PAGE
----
Johnny Cash in Port Richey, Florida


Johnny Cash

According to the recollection of Des Little (below), Ezra J. “Pop” Carter and “Mother” Maybelle Carter purchased this house in Port Richey in 1962. According to Jeff Cannon, county records indicate that the Carters bought the home in February 1966.

Will You Miss Me When I’m Gone? The Carter Family and Their Legacy in American Music by Mark Zwonitzer and Charles Hirshberg has:

Pop Carter had been thinking about it for a while, researching it in consumer magazines. He’d decided it was time to retire, and according to his research, New Port Richey, Florida, was the place to go; the little fishing village just north of Tampa was the best value the country offered. He found a bungalow there, on a crystal-clear freshwater river, a short boat ride away from the Gulf of Mexico. The fishing was great. Heck, he already had the deep-sea poles. So one night in 1961, Pop made his announcement. “Mom came in off the road, and he had decided that it was time for them to retire and go to Florida,” says Becky Bowman. “And he had already bought a place and made two trips with his truck moving stuff down there!”

Their daughter June Carter married Johnny Cash in 1968. Johnny Cash visited Port Richey on numerous occasions. The photo above, from a post card postmarked in 1915, shows the historic house which in the early days was owned by A. S. Leach and later Morgan Davis. The photo to the left shows the house in 2002.

When he died in 1975, the New Port Richey Press reported that Ezra J. “Pop” Carter “was a frequent visitor to the Port Richey area where he owned a house on the Pithlachascotee River. … While in Port Richey, he spent most of his time fishing and writing music.”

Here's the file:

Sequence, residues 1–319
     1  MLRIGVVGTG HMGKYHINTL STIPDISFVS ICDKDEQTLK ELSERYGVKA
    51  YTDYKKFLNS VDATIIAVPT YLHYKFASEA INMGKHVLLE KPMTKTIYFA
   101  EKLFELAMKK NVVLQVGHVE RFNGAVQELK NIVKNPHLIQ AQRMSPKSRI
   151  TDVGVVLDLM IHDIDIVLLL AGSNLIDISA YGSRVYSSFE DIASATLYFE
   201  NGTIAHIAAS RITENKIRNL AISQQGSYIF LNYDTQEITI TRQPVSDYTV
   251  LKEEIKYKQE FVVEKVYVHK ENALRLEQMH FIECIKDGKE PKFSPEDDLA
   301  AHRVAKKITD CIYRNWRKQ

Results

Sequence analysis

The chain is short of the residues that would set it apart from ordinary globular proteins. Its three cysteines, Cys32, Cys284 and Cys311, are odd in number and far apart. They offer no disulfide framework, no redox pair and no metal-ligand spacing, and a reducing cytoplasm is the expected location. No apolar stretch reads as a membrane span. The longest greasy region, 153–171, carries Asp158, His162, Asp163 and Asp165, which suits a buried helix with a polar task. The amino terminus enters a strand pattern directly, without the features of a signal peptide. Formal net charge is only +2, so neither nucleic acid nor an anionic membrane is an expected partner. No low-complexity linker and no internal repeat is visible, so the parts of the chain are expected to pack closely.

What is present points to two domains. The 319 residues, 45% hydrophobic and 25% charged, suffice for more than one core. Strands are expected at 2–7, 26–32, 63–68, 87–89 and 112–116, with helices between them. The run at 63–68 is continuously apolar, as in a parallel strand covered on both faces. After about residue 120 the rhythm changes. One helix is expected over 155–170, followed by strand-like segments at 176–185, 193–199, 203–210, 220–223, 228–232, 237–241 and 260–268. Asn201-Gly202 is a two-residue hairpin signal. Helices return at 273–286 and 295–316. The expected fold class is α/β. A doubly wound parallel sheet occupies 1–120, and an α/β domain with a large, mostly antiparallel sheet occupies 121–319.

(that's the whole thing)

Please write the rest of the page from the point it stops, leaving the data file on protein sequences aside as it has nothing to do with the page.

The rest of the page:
In Cash: The Autobiography (1998), Johnny Cash wrote, “Several names, several homes. I’m part gypsy, part homebody, so I live according to a rhythm alien to most people but natural to me, splitting my time on a semi-predictable basis between my big house on Old Hickory Lake just outside Nashville; my farm at Bon Aqua, farther outside Nashville; the house in Port Richey, Florida, that June inherited from her parents; an endless succession of hotels all over the world; my bus; and my house in Jamaica, Cinnamon Hill.”

He also wrote:

Today I’m in Florida with June at the little house she inherited from her parents, Ezra and Maybelle Carter. …

Their house is in Port Richey, a community identified by Consumer Reports in 1961 as the best and cheapest place to live in the whole United States. That’s what prompted Ezra, or Pop Carter as we all called him, to come looking for property, find this house on the river, and begin negotiating. About a year later he’d talked the owner into a good deal.